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thoracic disorder syndrome
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it_is_what_it_is posted:
was just told i have tos, i have had 8 surgery on my neck and shoulder due to an accident in91. normally they would remove the top rib to relive the compression, but because of my recognition of should and neck they cant. what they have suggested is doing a bypass. i don't want any more surgery so at this point i said no. dose any one know of any other treatment ? has any one lived long term with tos?
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davedsel57 responded:
Hello.

I've managed moderate to severe chronic back pain for over 30 years. While my whole spine has serious problems. I was born with a condition called hyperkyphosis. The middle - thoracic - section of my spine is excessively curved out ward. This has caused pain, tingling, difficulty bending and walking, and other problems and has gotten worse over the years.

I have never had surgery as I was told there is just too much going on with my spine. I also have other health problems that would put me at risk.

So, basically I guess I could say I have had TOS for over 30 years since my late teens/early 20's. You can read my story to see what methods I use for pain management.

I hope you can find effective ways for managing your pain as well.
Click on my user name or avatar picture to read my story. Blessings, Dave
 
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Anon_12819 replied to davedsel57's response:
I think what the OP is referring to is thoracic outlet syndrome. It is primarily a vascular disorder and is usually treated by removal of the first rib which is not an option for the poster. The doctors are proposing to "reroute" the posters vascular system which is probably the only viable option.
 
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davedsel57 replied to Anon_12819's response:
You are correct: http://www.spineuniverse.com/conditions/spinal-disorders/thoracic-outlet-syndrome

I have no misunderstanding here. I am simply sharing my own experiences, as the original poster has requested.
Click on my user name or avatar picture to read my story. Blessings, Dave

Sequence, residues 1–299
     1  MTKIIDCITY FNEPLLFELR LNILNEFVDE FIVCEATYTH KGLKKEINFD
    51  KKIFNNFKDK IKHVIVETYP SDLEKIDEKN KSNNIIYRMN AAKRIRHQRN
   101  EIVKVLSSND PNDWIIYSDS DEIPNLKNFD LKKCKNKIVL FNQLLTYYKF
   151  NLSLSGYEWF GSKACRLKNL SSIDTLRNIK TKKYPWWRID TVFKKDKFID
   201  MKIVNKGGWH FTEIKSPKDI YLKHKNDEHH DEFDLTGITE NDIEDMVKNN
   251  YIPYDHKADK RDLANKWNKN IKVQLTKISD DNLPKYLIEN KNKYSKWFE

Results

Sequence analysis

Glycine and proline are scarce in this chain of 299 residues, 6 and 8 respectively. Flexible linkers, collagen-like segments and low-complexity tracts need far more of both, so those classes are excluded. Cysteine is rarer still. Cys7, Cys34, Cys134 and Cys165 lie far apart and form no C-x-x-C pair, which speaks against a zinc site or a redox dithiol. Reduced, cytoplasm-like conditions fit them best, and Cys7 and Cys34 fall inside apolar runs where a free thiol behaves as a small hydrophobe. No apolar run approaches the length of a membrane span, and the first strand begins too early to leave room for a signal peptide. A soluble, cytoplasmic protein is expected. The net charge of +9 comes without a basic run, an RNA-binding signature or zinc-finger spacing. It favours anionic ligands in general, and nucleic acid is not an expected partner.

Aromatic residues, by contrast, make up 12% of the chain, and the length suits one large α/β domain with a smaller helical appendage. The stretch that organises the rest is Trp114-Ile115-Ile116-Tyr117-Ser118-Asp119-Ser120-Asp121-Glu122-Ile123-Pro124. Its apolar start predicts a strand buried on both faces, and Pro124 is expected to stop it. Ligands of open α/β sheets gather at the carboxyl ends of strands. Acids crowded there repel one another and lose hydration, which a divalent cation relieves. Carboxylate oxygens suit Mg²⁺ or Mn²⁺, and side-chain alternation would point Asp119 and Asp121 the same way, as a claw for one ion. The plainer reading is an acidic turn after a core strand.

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annette030 responded:
I would get at least one other opinion before deciding what to do. I was told many years ago I had thoracic outlet syndrome, turned out I must not have had it, because I never received any treatment and the pain drifted away. Ask the doctor what all your treatment options are, in addition to surgery. They are supposed to tell you. If it is not an emergency, think about it and talk to lots of doctors and others with TOS before you decide anything.

Ask the doctor if it can cause an emergency and what symptoms you need to be aware of in case that happens.

Take care, Annette
 
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annette030 replied to davedsel57's response:
According to this article, and it goes along with what I knew already, it can be caused by an impingement of the blood vessels OR an impingement of the nerves. I was seeing a neuroligist when I was told I had it, he believed it was due to nerves being "trapped".

Take care, Annette
 
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billyf27 replied to annette030's response:
I have TOS

. There is a lot of others here that offer a lot of help/
.

http://neurotalk.psychcentral.com/forumdisplay.php?f=24&order=desc
 
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it_is_what_it_is replied to annette030's response:
yes, i had both test emg and cardio. the emg came bake neg. however the doctor that preformed it said that the nerve system has to be completely dead before it would show up. i test positive for the cardio. i saw a pt and i am going to being doing exercise designed to open/ take the pressure off the arteries, my surgeon that did the reconstruction dose not have high hopes for the pt. the cardio spec thinks that i should at least give it a try. (i agree) from what i have read about TOS besides the pain the only other risk is to the arm, i have not had use of that for 20 years. i don't want any more surgery, but if i have to i think i would rather loose the arm (so it cant cause me any more problems down the road. so if pt dose not work i think i will just wait it out and see what happens to the arm. thank for all your response.
 
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it_is_what_it_is replied to davedsel57's response:
thanks dave you always give me hope.


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